Google Offers in South Africa – What to Expect

Many of you have possibly heard of Google Offers, a group buying division of Google, which, along with Facebook Deals, has had very little written about them after their the initial mention a few months back. The reason for this is mainly that Google Offers is still outside South Africa, and in fact only in a few cities in the US.
After a failed attempt to purchase Groupon (perhaps Groupon should have accepted this offer), Google went their own way and decided to tackle the daily deals arena themselves. After all, Google has massive reach and the ability to enter the market globally at lightning speed, faster than Groupon. Right?
Well, so one would think, and there are many reasons why they should, yet thus far they still haven’t. Why not? Some more about Google’s group buying service.
– Google has enormous reach worldwide, in both the number of people that visit its various sites and search engine, and in that it also has major clients who use it daily.
– There is a rumour of firms being able to construct their own deals online without Google having to do anything, and hence a lower commission percentage charged. So far, however, Google has hired sales people to bring in deals, and I haven’t seen this part yet
– Google Offers pays businesses part of their portion upfront (we hear 80%) and part after 60 or 90 days. This is regardless of how many coupons are redeemed. That is mighty fair, considering what is going on in South Africa. Read more about group buying payment schemes on this post too.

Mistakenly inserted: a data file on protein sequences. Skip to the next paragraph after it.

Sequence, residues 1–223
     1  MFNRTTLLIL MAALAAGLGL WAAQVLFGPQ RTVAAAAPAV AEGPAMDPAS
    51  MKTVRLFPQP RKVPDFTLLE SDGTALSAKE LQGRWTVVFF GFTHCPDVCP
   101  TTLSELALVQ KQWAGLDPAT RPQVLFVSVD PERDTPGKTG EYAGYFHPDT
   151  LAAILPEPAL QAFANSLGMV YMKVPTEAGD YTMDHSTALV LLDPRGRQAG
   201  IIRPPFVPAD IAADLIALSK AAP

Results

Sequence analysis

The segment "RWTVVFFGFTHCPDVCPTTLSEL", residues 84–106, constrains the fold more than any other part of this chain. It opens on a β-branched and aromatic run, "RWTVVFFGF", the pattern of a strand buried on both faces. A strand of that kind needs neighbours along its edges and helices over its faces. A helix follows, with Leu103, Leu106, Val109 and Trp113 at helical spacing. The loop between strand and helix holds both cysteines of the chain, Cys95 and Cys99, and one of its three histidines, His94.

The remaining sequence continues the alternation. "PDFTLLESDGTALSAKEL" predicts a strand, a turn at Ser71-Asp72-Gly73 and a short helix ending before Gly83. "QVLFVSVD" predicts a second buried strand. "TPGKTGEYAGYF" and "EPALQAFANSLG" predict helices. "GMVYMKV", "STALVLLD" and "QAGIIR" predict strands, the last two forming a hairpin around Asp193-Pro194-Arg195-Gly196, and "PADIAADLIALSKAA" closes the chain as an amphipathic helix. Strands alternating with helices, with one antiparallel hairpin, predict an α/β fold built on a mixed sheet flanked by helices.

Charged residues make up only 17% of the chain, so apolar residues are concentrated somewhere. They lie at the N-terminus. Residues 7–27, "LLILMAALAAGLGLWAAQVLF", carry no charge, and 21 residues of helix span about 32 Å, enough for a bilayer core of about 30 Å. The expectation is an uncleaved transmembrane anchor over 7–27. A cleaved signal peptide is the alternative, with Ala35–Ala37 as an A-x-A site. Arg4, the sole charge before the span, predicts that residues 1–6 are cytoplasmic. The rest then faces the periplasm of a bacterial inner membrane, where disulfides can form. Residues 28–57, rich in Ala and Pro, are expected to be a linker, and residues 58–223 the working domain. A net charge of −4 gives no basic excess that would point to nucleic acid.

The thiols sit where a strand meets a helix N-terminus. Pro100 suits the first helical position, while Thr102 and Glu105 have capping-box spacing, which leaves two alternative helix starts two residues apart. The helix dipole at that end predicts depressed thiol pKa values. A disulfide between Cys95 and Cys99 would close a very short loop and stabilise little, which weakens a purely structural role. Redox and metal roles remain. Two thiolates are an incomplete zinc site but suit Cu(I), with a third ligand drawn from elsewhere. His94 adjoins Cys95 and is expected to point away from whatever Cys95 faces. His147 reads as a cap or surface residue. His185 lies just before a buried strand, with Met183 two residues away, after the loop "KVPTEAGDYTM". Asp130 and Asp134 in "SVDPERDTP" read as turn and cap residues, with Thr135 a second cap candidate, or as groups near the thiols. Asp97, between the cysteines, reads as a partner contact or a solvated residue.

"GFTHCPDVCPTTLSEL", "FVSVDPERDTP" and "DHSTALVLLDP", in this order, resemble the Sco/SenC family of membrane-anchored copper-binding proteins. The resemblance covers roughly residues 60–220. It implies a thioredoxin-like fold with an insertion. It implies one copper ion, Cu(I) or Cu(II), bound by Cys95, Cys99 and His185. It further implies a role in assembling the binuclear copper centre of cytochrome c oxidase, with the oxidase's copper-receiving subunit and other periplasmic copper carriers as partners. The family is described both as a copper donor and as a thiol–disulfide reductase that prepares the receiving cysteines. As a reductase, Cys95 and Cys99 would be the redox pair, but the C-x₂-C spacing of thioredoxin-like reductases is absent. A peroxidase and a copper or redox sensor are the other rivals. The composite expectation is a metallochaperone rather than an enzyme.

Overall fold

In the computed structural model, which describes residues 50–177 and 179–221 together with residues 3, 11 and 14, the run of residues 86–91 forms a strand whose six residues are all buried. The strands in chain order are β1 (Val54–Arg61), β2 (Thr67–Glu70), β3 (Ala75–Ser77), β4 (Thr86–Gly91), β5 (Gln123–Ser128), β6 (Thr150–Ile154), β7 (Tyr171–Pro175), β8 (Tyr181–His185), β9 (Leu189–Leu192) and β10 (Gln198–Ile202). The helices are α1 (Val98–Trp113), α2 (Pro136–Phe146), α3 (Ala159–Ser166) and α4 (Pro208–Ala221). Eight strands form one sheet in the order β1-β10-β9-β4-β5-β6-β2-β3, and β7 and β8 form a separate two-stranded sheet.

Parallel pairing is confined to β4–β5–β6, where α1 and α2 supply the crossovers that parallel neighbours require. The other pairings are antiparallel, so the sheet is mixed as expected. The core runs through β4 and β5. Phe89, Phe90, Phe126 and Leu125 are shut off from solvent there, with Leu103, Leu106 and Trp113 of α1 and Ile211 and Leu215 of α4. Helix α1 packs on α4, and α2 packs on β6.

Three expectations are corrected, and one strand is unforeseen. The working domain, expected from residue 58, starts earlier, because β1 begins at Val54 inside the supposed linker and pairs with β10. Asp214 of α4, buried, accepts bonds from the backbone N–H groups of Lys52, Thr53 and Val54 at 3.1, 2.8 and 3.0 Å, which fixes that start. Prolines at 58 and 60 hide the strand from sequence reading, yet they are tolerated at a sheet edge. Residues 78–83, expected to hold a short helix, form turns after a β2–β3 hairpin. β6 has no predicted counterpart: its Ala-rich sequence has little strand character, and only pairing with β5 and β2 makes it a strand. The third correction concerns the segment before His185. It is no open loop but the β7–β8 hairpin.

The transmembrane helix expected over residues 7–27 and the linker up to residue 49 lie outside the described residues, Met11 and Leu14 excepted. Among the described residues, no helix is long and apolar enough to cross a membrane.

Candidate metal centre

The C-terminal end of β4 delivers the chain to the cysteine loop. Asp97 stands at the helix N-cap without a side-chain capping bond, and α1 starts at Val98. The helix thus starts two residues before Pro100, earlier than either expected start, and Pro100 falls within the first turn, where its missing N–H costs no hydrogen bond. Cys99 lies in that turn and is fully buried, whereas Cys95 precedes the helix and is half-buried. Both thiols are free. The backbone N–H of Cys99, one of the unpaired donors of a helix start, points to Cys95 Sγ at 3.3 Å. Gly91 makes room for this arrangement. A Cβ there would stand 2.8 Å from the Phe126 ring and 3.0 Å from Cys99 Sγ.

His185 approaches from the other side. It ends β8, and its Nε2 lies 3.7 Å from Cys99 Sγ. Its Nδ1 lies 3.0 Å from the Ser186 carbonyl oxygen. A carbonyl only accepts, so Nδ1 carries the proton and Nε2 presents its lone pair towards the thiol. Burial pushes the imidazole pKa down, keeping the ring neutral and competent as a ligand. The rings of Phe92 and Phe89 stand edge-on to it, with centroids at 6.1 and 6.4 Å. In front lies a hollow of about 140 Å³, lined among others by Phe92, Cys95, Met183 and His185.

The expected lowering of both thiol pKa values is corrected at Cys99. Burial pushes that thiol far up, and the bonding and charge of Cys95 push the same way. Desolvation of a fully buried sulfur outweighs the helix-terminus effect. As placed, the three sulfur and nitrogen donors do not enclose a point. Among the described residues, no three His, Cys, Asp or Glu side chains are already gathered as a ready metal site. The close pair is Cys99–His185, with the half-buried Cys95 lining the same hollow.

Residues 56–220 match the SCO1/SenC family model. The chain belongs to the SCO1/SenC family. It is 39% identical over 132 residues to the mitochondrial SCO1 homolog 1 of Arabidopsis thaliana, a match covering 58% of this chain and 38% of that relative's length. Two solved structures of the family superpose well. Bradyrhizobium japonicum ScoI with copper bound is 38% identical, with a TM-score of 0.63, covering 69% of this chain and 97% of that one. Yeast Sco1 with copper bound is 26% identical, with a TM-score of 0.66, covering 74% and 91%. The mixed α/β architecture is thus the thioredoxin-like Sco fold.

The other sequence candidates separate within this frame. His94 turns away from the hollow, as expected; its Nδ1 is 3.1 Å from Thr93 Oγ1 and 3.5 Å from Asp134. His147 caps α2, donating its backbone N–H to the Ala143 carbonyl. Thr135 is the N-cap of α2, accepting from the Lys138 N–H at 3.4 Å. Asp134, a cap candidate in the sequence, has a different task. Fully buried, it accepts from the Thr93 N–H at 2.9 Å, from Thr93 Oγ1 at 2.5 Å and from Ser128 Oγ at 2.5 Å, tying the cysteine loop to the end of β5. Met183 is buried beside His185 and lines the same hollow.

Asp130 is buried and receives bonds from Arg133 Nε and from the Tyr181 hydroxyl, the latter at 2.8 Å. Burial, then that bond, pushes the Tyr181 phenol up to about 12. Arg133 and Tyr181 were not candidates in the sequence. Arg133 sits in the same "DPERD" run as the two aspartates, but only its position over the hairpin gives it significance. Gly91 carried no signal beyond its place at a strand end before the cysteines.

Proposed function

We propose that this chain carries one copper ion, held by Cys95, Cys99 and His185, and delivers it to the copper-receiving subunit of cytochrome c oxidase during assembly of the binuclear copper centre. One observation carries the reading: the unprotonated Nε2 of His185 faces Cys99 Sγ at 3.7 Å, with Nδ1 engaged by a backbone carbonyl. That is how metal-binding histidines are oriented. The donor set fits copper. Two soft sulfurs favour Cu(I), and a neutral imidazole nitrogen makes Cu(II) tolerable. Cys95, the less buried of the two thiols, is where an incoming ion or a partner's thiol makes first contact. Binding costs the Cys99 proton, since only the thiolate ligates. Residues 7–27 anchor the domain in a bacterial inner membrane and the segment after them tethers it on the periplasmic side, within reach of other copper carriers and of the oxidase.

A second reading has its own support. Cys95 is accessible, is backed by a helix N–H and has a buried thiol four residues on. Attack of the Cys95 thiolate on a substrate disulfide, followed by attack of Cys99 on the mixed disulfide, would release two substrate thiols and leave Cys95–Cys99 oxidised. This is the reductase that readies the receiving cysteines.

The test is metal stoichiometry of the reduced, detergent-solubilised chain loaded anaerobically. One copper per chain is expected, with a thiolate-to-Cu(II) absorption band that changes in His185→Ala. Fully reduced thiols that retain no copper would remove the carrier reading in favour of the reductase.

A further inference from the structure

– Customers and merchants have the knowledge that this isn’t another group buying site about to go bust.
– Payment, support, etc should all work well (although who knows – the Google Offers team is rumoured to be under 30 people strong at the time of writing
– Google will eventually “distribute” deals to consumers through many other channels in addition to email, including search ads, display ads, Android phones, Google Wallet and “Places” pages.
Google Offers South Africa
– The service is new and only in a few cities in the US. Other group buying sites such as ( are already in a few continents and numerous countries.
– If it becomes self-service, adding your own deal not only takes time, but admin and also makes it possible for poor deals to enter the system, no matter what the constraints
One merchant canvassed by Google Offers understood that using them would increase search engine rankings, but it seems this is untrue and doesn’t bode by Google’s mantra at all.
In the beginning, if Google Offers is to become a big force in the deals space, Google is going to have to hire thousands of salespeople. According to Google’s Eric Rosenblum, the Google Offers top dog, Google intends to deal with the “salespeople problem” by making the Offers product as much of a self-serve solution as AdWords. As mentioned above, the company’s hope is that merchants will eventually do most of the work, and the company won’t need so many salespeople.
Why doesn’t Google just stick to getting the deals sold on other sites by charging for PPC campaigns? Perhaps a Google group buying aggregator site like AllDeals or Yadda would bring in only slightly less revenue for a lesser investment? Is Google just barking up yet another tree here?